PredictWind's Weather Routing opens your navigation options - try it!   
Sail-World Cruising Founding Editor Nancy Knudsen says farewell   
Book review: Weather - you like it or not   
Vaavud launches generation 2 wind meter   
The drama begins - North West Passage sailors rescued from ice   
Entering an unfamiliar bay - decision time   
Baby Nemos finding their way home   
High Latitude Sailing - Book of the Week   
Will the Olympics make a difference to Rio pollution? *Feature   
Blue Planet Odyssey, around world rally, begins   
Africa Europe Cruising Challenge now open for entries   


For this week's complete news stories select    Last 7 Days
   Search All News
For last month's complete news stories select    Last 30 Days
   Archive News







Sail-World.com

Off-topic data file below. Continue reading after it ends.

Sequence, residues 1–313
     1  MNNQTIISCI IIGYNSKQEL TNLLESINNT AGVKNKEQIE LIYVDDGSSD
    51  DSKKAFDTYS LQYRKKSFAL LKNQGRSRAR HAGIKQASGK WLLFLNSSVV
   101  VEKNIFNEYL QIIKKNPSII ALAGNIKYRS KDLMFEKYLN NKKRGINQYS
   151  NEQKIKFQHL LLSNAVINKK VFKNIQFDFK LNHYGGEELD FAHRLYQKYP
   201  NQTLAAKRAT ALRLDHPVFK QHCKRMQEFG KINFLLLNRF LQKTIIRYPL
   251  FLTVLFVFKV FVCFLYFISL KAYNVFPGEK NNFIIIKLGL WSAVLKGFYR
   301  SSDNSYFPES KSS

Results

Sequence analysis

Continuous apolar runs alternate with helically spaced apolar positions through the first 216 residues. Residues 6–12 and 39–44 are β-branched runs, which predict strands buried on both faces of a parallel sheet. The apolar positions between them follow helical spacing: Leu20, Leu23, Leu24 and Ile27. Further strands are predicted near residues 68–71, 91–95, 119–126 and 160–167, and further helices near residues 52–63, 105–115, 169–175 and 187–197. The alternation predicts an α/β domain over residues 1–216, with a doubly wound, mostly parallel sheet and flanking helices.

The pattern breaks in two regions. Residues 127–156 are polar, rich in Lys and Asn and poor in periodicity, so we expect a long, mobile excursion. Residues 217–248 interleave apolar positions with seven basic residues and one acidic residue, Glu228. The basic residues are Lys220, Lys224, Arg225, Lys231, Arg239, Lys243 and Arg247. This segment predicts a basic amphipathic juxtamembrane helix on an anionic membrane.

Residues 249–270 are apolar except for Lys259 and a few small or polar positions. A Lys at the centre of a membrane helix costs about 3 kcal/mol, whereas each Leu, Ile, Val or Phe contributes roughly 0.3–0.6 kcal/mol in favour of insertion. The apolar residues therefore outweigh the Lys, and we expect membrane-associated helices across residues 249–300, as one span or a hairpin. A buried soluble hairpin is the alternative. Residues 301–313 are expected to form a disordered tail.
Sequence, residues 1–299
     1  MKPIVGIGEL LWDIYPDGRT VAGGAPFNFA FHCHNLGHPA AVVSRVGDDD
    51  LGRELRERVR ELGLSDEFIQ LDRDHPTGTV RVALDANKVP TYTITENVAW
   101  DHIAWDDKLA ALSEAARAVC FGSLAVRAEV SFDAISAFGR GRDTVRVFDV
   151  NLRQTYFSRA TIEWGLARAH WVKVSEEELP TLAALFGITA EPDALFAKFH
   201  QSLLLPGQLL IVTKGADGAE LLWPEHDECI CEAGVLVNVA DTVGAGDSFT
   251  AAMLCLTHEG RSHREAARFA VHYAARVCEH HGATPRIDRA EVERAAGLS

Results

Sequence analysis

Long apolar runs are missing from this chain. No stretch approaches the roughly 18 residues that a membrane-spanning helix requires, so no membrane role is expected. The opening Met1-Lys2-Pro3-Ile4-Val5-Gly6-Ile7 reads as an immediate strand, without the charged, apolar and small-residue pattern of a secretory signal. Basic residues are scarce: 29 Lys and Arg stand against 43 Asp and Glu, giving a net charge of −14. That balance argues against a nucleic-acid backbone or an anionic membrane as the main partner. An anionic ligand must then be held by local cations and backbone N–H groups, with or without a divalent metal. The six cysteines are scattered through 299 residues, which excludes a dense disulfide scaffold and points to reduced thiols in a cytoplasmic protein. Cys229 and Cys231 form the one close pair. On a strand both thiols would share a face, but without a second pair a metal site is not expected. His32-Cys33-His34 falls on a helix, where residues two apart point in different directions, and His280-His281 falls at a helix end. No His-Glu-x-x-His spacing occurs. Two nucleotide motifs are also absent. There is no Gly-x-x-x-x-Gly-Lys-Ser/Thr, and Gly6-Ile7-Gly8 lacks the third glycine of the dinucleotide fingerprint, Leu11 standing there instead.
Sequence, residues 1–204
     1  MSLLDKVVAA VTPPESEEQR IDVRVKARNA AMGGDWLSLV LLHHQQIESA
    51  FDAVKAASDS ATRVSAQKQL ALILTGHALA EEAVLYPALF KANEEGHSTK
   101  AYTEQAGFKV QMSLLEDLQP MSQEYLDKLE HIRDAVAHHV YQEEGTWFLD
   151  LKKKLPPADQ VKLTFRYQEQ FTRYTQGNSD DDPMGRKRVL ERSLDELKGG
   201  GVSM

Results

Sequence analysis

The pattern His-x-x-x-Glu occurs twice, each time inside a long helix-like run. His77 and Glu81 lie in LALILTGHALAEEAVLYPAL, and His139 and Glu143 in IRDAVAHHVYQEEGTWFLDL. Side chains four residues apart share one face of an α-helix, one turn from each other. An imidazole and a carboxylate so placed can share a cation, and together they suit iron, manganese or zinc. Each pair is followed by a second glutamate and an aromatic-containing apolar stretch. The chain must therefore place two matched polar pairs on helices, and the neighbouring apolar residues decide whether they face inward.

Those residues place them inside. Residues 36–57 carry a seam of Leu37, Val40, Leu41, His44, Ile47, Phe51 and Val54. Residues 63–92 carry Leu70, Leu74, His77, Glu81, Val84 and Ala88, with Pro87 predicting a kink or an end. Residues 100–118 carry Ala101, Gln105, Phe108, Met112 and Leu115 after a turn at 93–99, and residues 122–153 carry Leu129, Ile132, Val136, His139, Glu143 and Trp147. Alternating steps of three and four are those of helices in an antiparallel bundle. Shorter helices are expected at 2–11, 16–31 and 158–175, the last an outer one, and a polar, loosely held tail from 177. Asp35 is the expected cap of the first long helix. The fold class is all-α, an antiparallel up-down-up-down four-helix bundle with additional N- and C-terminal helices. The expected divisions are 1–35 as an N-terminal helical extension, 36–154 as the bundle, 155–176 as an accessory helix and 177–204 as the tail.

Switch Default Region to:

Social Media

Asia

Australia

Canada

Europe

New Zealand

United Kingdom


http://www.sail-world.com/event_images/image/Twitter_logo_small.png http://www.sail-world.com/event_images/image/FaceBook-icon.png  

United States

Cruising Northern

Cruising Southern

MarineBusiness World

PowerBoat World

FishingBoating World

 

Contact

Commercial

News

Search

Contact Us

Advertisers Information

Submit news/events

Search Stories/Text

Feedback

Advertisers Directory

Newsletter Archive

Photo Gallery

 

Banner Advertising Details

Newsletter Subscribe

Video Gallery

Policies

 

 

 

Privacy Policy

 

 


Cookie Policy

 

 



This site and its contents are © Copyright TetraMedia and/or the original author, photographer etc. All Rights Reserved.  Photographs are copyright by law.  If you wish to use or buy a photograph contact the photographer directly.
XLXL NEW Cru USA
LocalAds   DE  ES  FR  IT